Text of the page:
17 encircled by a wall 50 royal cubits broad and 200 high (Herod. 1:178): the porch of Solomon s Temple, according to the Chronicler (2 Chr. 3:4), was 20 cubits wide and 120 high. Judged by these standards, 144 cubits would not be an inordinate breadth for a wall intended to protect such a city as the Apocalyptist has conceived. But he probably intends to give its height τ ὸ ὕ ψο immediately precedes and a wall 144 cubits=216 feet high, though in itself it might fairly be called μέμα κα ὶ ὑ ψηλόν (v. 12), is insignificant when compared with a cube whose height is over 7,000,000 feet. But this great disproportion may be the very point to which the writer desires to call attention. The walls of the City are not for defence for there is no enemy at large any more (Isa. 54:14) but serve for delimitation, marking the external form of the civitas Dei. And the order and organization of the Church, necessary as they are, fall infinitely below the elevation of its spiritual life. μέτρον ἀνθρώπου ὅ ἐστιν ἀ γγέλου] Man s measure which is angel s measure (Benson). The measurements taken by angelic hands are such as are in common use among men; no fantastic standards are to be employed by the reader. There is perhaps the further thought that men and angels are σύνδουλοι (19:10, 22:9), and men shall one day be ἰ σάγγελοι; there is no reason therefore why angelic mensuration should differ from human. Compare the warning in c. 13:18 ἀριθμὸ γὰρ ἀνθρώπου ἐ στίν, and see note there. κα ὶ ἡ ἐνδώμησι το ῦ τείχου αὐτῆ ἴ ασπι] Only one other instance is quoted of the use.18 of ἐ νδώμησι (or ἐ νδόμησι on the spelling see WH. 3, Notes p. 159, and cf. app. crit. above). Josephus describing the construction of the great mole at Caesarea writes (antt ): ἡ δ ὲ ἐ νδόμησι (v.l. ἐ νδώμησι) ὅσον ἦν ἐβάλλετο κατ ὰ τῆ θαλάσση διακοσίου πόδα, where the word appears to mean simply structure. And so Arethas here ( ἐ νδόμησιν τὴν οἰκοδομὴ ν λέγει), and the Latin versions, which render the word aedificatio; the Syriac Syr.). But the verb ἐνδομεῖ ν is properly to) ܐܐܐܐܐܐܐܐ Syr. gw. ) or) ܐܐܐܐܐ versions give build into (cf. Jos. antt τοίχου κίονα ἔχοντο ἐ νδεδομημένου), and such a sense suits the present passage; ἡ ἐ νδώμησι κτλ. is apparently the equivalent of ἐνεδομήθη τῷ τείχει ἴ ασπι, i.e. the wall had ἴ ασπι built into it, it was cased with the precious stone, so that. it sparkled with its crystalline radiance. On ἴ ασπι see 4:3, 21:11, notes κα ὶ ἡ πόλι χρυσίον καθαρὸν ὅμοιον ὑάλ ῳ καθαρῷ] In contrast with the (? emerald) lustre of the outer wall, the City itself shews like a mass of gold no gilded toy, but pure gold, like pure glass, i.e. so pure that it seemed to be transparent like the best glass (see 4:6, note). The same is said in v. 21 of the street of the City; here it is the buildings or their towers and roofs, seen high above the walls, that are described. The writer possibly remembers the burnished gold of the Herodian Temple, as he had seen it at sunrise from the neighbourhood of Jerusalem: cf. Jos. B. J : οὐδὲν οὔτ εἰ ψυχῆ οὔτ εἰ ὀμμάτων ἔκπληξιν ἀ πέλειπεν πλαξ ὶ γὰρ χρυσο ῦ στιβαραῖ κεκαλυμμένο πάντοθεν ὑπ ὸ τὰ πρώτα ἀνατολὰ πυρωδεστάτην ἀπεπάλλεν αὐγήν... τοῖ γε μὴν ἀφικνουμένοι ξένοι πόρρωθεν ὅμοιο ὄ ρει χιόνο πλήρει κατεφαίνετο κα ὶ γὰρ καθ ὰ μ ὴ κεχρύσωτο λευκότατο ἦ ν. The symbolism of the double καθαρό has been well caught by Bede: nihil simulatum est et non perspicuum in sanctis ecclesiae a remark conspicuously exemplified in the commentator s own life.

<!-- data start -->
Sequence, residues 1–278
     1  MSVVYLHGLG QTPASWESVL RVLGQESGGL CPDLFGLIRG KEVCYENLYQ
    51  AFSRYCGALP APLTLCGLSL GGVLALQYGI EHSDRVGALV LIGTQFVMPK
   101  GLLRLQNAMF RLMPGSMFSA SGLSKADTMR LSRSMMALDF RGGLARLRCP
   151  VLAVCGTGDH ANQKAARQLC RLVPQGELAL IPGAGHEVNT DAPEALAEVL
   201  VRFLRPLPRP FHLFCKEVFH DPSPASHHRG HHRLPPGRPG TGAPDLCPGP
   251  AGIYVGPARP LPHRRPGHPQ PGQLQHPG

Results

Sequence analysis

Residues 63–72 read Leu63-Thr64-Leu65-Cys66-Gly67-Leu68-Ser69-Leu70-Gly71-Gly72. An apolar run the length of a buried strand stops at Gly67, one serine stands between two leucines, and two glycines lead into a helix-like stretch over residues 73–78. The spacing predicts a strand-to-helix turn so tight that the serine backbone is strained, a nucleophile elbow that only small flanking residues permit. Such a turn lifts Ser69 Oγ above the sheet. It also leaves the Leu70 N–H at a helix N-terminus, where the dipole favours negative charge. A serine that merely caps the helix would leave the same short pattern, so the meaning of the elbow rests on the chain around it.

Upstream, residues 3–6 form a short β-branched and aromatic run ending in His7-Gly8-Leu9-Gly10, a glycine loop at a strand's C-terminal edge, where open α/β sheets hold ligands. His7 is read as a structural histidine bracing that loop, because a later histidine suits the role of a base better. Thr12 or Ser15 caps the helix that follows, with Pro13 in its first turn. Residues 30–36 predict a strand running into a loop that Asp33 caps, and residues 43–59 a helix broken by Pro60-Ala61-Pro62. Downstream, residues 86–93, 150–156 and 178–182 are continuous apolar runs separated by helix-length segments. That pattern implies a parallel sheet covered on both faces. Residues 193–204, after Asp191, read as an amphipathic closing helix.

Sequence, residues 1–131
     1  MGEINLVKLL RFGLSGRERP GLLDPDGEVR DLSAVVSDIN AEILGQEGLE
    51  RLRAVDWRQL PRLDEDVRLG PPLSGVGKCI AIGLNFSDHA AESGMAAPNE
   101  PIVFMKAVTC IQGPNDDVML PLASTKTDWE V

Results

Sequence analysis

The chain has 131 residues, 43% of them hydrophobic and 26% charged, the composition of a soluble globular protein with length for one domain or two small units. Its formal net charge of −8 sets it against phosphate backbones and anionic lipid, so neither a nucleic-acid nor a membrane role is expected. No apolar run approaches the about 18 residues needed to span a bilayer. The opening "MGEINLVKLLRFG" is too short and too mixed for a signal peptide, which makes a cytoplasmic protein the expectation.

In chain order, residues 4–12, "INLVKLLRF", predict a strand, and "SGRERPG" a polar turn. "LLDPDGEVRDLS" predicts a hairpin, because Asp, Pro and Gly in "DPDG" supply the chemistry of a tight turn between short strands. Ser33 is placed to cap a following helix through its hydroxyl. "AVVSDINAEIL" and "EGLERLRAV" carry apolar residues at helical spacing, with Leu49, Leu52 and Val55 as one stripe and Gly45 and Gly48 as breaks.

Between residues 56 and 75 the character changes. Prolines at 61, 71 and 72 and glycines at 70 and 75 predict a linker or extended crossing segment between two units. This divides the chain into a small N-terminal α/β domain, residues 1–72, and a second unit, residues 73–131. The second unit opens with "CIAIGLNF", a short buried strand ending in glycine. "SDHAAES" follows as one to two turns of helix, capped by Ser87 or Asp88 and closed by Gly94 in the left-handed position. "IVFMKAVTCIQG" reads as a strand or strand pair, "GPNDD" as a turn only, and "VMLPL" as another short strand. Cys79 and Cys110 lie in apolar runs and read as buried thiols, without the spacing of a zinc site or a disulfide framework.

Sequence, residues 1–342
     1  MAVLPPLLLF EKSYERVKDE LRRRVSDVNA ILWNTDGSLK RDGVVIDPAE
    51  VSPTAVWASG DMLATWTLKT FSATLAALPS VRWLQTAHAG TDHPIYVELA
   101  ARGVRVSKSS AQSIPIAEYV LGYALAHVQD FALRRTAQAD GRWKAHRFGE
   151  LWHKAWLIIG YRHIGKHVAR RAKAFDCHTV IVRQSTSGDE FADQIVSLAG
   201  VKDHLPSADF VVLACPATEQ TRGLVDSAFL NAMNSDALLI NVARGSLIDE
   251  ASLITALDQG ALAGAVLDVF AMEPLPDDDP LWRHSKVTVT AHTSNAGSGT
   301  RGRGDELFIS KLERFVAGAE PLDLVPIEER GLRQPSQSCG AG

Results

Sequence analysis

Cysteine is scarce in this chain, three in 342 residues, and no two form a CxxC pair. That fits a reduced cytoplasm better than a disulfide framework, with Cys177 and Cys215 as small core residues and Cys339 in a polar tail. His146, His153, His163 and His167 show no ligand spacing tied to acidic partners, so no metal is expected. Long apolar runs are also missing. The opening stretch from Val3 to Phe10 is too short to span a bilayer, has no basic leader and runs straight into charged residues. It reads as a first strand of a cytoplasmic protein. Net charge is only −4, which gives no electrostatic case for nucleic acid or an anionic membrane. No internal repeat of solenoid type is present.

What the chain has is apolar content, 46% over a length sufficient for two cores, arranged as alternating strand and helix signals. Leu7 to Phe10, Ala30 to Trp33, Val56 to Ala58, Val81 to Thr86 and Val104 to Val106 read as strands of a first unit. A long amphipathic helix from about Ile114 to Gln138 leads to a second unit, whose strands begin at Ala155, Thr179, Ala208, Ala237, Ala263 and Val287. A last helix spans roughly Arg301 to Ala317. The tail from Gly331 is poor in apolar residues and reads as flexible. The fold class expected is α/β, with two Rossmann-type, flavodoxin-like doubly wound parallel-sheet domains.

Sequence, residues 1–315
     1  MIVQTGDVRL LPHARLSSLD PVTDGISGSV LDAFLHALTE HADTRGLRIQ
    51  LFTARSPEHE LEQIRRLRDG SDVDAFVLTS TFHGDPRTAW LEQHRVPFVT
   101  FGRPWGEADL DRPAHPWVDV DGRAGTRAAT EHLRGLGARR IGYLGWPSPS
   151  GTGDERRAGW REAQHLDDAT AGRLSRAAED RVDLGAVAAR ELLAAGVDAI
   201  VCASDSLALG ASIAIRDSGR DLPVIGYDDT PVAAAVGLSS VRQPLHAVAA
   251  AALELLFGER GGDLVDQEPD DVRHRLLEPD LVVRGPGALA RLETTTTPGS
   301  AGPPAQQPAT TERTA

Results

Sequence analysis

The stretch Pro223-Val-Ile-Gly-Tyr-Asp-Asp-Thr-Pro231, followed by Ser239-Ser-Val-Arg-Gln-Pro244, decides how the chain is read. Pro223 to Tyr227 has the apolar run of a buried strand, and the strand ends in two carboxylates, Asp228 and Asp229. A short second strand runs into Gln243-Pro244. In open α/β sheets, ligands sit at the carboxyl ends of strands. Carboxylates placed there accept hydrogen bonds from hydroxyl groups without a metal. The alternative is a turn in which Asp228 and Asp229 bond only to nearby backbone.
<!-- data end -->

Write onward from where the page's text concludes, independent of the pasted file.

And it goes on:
18 ο ἱ θεμέλιοι το ῦ τείχου τ. π. παντ ὶ λίθ ῳ τιμί ῳ κεκοσμημένοι] The eye of the Seer.19 returns to the foundation stones of the outer wall (v. 14), and he observes that they are decked (κεκοσμημένοι, cf. v. 2) with precious stones of every shade of colour, or rather that each stone is itself one vast gem. The idea comes originally from Isa. 54:11 ἰδο ὺ ἐγὼ ἑτοιμάζω σοι ἄνθρακα τὸν λίθον σου κα ὶ τ ὰ θεμέλιά σου σάπφειρον; cf. Tobit 13:16 ὅτι οἰκοδομηθήσεται Ἰερουσαλὴμ σαπφείρ ῳ κα ὶ σμαράγδ ῳ, κα ὶ λίθ ῳ ἐντίμ ῳ τ ὰ τείχη σου,... κα ὶ αἱ πλατεῖαι Ἰ. βηρύλλ ῳ κα ὶ ἄνθρακι κα ὶ λίθ ῳ ἐκ Σουφεὶ ρ (corr. ἐξ Ὠ φείρ) ψηφολογηθήσονται; for Rabbinical illustrations see Schöttgen ad l. But with the general conception of a jewelled city St John combines his recollections of the names and order of the stones set in another sacred τετράγωνον, the High Priest s breast-plate (Ex. 28:17 ff., 36:17 ff.=heb. 39:10 ff.); cf. Ez. 28:13, where the same list is partly used in a description of the dress of the King of Tyre. The twelve stones of the breastplate are disposed in four rows as follows: 1. σάρδιον (א דkם), τοπάζιον (פ`ט דdה), σμάραγδο (בdרkקkת); 2. ἄνθραξנ ) פkך ), σάπφειρο (סbפ`יר), ἴασπι (יbהh ל ם); 3. λιγύριον (לkשk ם), ἀχάτη (ש בו), ἀμέθυστο (אח לdמd ה); 4. χρυσόλιθο (תb ר ש` יש), βηρύλλιον (ש הbם), Comparing these with the foundation stones in the Apocalypse, it will be seen פèה). (יd ש ὀνύχιον that, while eight of the names are common to both lists, the Apocalyptist omits ἄνθραξ, λιγύριον, ἀ χάτη, and ὀ νύχιον, substituting χαλκηδών, χρυσόπρασο, ὑ άκινθο and σαρδόνυξ words unknown to the LXX. as the names of precious stones. In the arrangement of the stones, again, he differs from his model; his third and fourth rows answer roughly to the third and fourth in the breastplate, but his first and second reverse the order of the first and second as given in Exodus (see Enc. Bibl., 4811); in other words he has started as in v. 13 from the SE. corner of his city-wall, and after traversing the east and north sides has returned to the.same corner to examine the south and the west ὁ θεμέλιο ὁ πρῶτο ἴ ασπι κτλ. ] See notes on 4:3, 21:11, 21:18, and cf. Isa. 54:12 θήσω τὰ ἐπάλξει σου ἴ ασπιν. That the first foundation stone is of the sort with which the whole wall is eased (v. 18) shews how little our writer studies effect, even in this great picture of the New Jerusalem. Ὁ δεύτερο σάπφειρο: cf. Isa. 54:11 ἰδο ὺ ἐγ ὼ ἑτοιμάζω σοι... τ ὰ θεμέλιά σου σάπφειρον, Tob. 13:16 οἰκοδομηθήσεται Ἰερουσαλὴμ σαπφείρῳ, Shem. rabba 5 aedificabit Hierosolyma lapide sapphiri. The σάπφειρο is mentioned several times in the O.T.; the most interesting examples are Ex. 24:10 εἶδον τὸν τόπον ο ὗ ἱστήκει ὁ θεὸ τοῦ Ἰσραήλ κα ὶ τ ὰ ὑπ ὸ τοὺ πόδα αὐτο ῦ ὡσε ὶ ἔ ργον π λίνθου σαπφείρου, and Ez. 1:26, 9:2, 10:1. As the margin of R.V. suggests, the ancient sapphire was probably lapis lazuli; see Pliny, H.N. 33:21, 37:39, 37:54, who describes it as a sky-blue stone, flecked with gold; and cf. Epiphanius de gemmis 5 λίθο σάπφειρο πορφυρίζων... πολλ ὰ δ ὲ γένη τούτου ὑ πάρχουσιν ἔστι γὰρ ὁ βασιλικὸ χρυσοστιγή. Ὁ τρίτο χαλκηδών. Χαλκ. is ἅ π. λεγ. in Biblical Greek; in Exodus ἄ νθραξ occupies the corresponding place. The word is supposed to denote a green silicate of copper found in the mines near Chalcedon. In Pliny H.N. 37:18 Chalcedonii nescio an in totum exoleverint postquam metalla aeris ibi defecerunt fuere colore incerti et virentium in caudis pavonum columbarumque e collo plumis similiter. Ὁ τέταρτο σμάραγδο. Of the σμάραγδο (Ex. ll. cc., Ez. l.c., Tob. 13:16, Judith 10:21, Esth. 1:6, Sir. 35:6 (32:8)) Pliny writes (H.N. 37:16): Smaragdos vero tanto libentius, quoniam nihil omnino viridius comparatum illis viret. Nero, he adds, used it for the purpose of a field-glass ( gladiatorum